Monday, August 26, 2013

Living Healthy: Chronic Disease Self-Managment Program

A growing number of persons suffering from major chronic illnesses face many obstacles in coping with their conditions. Chronic diseases are conditions that are usually not immediately life threatening, however they place substantial burdens on the health, economic status and quality of life of individuals, families and community.  People with chronic conditions must deal not only with the disease(s), but also with the impact on their lives and emotions.

According to a recent study, 79% of non-institutionalized people age 70 and over report having at least 1 of the most chronic conditions affecting this age group.  Those conditions include:
                Heart Disease
                Respiratory Disease
Evidence suggests that a program to help individuals, family members, friends, and care-givers through a self-management program can help improve health.    Living Healthy is an education program that is being offered locally – with an aim to increase the knowledge of people living with chronic conditions and teach them the skills to better manage those conditions. The program provides information and teaches practical skills.

All individuals, who participate in a chronic diseases self management program, will learn about the following subjects:   
Discussing problems common to individuals suffering from chronic diseases
Coping strategies
Problem solving techniques
Treatment decision making
Cognitive management of pain, stress, anger, depression and other negative emotions
Communication with family, friends and physicians
Nutrition and development of a long-term exercise program

A study of past program participants found that hospital stays were reduced; communication with physicians was improved; and participant energy and confidence in their ability to manage conditions improved.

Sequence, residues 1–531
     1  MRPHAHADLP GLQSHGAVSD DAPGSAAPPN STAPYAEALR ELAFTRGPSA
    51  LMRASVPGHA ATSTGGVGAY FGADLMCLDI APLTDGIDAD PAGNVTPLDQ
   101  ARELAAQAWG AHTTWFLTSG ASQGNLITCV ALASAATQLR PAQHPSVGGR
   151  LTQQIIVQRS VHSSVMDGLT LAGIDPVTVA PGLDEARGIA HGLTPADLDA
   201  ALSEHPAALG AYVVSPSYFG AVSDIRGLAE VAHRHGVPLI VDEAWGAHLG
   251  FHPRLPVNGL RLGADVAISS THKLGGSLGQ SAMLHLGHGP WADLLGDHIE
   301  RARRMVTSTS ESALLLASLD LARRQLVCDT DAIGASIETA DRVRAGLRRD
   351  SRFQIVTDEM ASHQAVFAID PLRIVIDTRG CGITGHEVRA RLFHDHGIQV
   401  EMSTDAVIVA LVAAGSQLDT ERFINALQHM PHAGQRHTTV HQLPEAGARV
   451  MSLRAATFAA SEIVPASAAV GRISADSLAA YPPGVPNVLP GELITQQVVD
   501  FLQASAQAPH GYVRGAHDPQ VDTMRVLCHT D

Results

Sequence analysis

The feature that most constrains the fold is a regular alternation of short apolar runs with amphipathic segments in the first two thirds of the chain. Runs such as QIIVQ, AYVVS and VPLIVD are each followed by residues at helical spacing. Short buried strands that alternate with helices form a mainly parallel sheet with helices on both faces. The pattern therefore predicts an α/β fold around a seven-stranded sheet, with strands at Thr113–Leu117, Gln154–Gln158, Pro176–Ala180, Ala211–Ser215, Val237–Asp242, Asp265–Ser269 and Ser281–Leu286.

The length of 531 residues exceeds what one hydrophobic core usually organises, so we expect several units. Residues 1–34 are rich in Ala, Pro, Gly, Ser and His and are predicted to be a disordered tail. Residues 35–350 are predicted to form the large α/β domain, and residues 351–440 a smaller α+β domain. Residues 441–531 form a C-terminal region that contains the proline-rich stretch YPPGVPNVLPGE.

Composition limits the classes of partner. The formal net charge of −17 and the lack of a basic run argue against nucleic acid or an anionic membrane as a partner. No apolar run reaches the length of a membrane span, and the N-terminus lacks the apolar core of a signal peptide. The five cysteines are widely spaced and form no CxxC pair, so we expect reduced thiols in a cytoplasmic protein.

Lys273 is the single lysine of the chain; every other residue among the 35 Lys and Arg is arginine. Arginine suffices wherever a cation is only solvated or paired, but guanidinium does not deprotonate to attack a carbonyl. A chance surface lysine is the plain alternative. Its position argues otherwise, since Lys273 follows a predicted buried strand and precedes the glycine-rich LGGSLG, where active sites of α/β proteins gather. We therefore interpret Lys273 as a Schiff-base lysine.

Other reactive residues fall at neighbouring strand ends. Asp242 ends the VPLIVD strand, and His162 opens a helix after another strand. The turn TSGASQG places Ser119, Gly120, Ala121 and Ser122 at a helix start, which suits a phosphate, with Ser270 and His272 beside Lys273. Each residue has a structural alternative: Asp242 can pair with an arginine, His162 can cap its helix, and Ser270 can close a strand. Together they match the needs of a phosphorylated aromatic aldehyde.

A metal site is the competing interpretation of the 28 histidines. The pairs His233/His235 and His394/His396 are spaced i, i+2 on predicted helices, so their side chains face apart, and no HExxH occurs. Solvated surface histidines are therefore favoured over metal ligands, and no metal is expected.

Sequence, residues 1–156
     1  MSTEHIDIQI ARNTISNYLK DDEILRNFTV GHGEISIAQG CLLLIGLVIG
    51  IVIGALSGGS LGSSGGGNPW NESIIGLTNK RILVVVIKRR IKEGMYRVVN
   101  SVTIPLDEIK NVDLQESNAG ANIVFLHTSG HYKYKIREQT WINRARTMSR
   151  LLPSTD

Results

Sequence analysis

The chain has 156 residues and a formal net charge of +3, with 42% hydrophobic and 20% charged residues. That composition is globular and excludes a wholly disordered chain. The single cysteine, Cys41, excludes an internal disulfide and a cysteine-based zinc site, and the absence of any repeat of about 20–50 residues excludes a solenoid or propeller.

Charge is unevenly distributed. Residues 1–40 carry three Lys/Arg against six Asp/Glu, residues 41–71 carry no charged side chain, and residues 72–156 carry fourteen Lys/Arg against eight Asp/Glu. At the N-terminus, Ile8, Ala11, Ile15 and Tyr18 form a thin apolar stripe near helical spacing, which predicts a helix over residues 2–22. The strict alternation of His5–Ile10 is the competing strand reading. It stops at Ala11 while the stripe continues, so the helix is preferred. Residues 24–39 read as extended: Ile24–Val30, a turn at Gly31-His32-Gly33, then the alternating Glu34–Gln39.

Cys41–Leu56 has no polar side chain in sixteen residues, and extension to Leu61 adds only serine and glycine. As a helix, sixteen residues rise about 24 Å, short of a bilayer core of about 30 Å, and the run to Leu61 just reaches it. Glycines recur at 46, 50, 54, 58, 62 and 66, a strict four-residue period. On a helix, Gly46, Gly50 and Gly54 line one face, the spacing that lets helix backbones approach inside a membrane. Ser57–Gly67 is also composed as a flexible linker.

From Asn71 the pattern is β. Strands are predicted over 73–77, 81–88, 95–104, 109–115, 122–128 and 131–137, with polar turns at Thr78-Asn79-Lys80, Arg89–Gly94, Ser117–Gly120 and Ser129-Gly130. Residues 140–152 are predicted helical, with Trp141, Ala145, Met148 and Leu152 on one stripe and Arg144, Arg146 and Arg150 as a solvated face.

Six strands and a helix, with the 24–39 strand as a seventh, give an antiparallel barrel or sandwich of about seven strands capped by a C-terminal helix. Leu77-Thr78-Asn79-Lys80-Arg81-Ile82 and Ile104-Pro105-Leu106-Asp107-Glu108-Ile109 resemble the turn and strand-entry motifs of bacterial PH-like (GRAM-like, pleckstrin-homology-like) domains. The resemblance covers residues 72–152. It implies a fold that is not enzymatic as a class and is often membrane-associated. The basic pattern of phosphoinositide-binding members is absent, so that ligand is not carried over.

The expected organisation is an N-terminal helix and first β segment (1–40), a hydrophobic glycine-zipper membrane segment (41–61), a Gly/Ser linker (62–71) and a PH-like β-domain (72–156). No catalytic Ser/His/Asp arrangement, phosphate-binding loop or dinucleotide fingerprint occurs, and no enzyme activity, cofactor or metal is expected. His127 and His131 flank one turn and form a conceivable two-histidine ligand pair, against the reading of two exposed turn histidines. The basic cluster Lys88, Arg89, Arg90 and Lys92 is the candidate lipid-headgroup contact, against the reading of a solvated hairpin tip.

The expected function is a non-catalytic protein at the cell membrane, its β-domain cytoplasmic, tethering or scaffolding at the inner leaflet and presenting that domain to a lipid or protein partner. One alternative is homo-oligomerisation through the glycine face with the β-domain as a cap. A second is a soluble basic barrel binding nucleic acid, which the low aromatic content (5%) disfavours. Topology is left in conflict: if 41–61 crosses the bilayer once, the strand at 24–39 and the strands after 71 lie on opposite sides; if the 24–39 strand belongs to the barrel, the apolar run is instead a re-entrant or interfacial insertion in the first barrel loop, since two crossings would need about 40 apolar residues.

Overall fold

Living Healthy will not conflict with existing programs or treatments.  It is designed to enhance regular treatment and disease specific instruction.

Enthusiasm is growing for the role of a self management program in controlling and preventing chronic diseases.  If you are living with a chronic disease and want to register for a self management program, a free weekly workshop given over 6 weeks is now being offered locally.

Dates and locations include:
John Duke Senior Center
1201 Hyde Park Blvd
Niagara Falls, NY 
Thursdays from 1:00 – 3:30pm
9/5, 9/12, 9/19, 9/26, 10/3, and 10/10


The Dale Association
33 Ontario Street
Lockport, NY  14094
Fridays from 1:00 – 3:30pm
9/6, 9/13, 9/20, 9/27, 10/4, and 10/11

For more information or to register, call or email NY Connects at (716) 438-3030 or, or dial 211 Information services, or visit

Monday, August 5, 2013

Walking for Good Health

 “I have two doctors - my left leg and my right leg" wrote British author George Trevelyan in 1913 about the health benefits of walking. A century later, modern medical experts echo the same advice: Get up and walk.
Walking may be the single best — and easiest — exercise you can do to improve your health in 2013. Not only will going for a daily walk help you feel better now, it will help you maintain your independence and ability to do daily tasks as you age, according to a health professor at Missouri State University who has helped older, sedentary men and women start a walking routine.

Research also has shown that walking regularly can help protect the aging brain against memory loss, dementia, help cut the risk of heart disease, reduce the chance of developing type 2 diabetes in high-risk adults by a whopping 60 percent.  And we're not talking marathon walking. The peak benefits come from 30 minutes of exercise several times a week, say experts.

Most of us do need to move more: Only 30 percent of people ages 45 to 64 say they engage in regular leisure-time physical activity, and that drops to 25 percent for those 65 to 74, according to the National Institute on Aging, which has launched a "get off your duff" campaign called Go4Life.

Go4Life is a federal campaign for people 50 and older and encourages sedentary older adults to reap health benefits by making physical activity part of their daily lives. The campaign developed from concerns that, despite proven health benefits, exercise and physical activity rates among older people are low.
"If we want to become a healthy and fit nation, we need to increase the number of Americans who are healthy at every stage of life," says the U.S. Surgeon General.  "Go4Life provides older adults with the tools and resources to get moving and keep moving. We are moving our health care system from a focus on sickness and disease to a focus on wellness and prevention."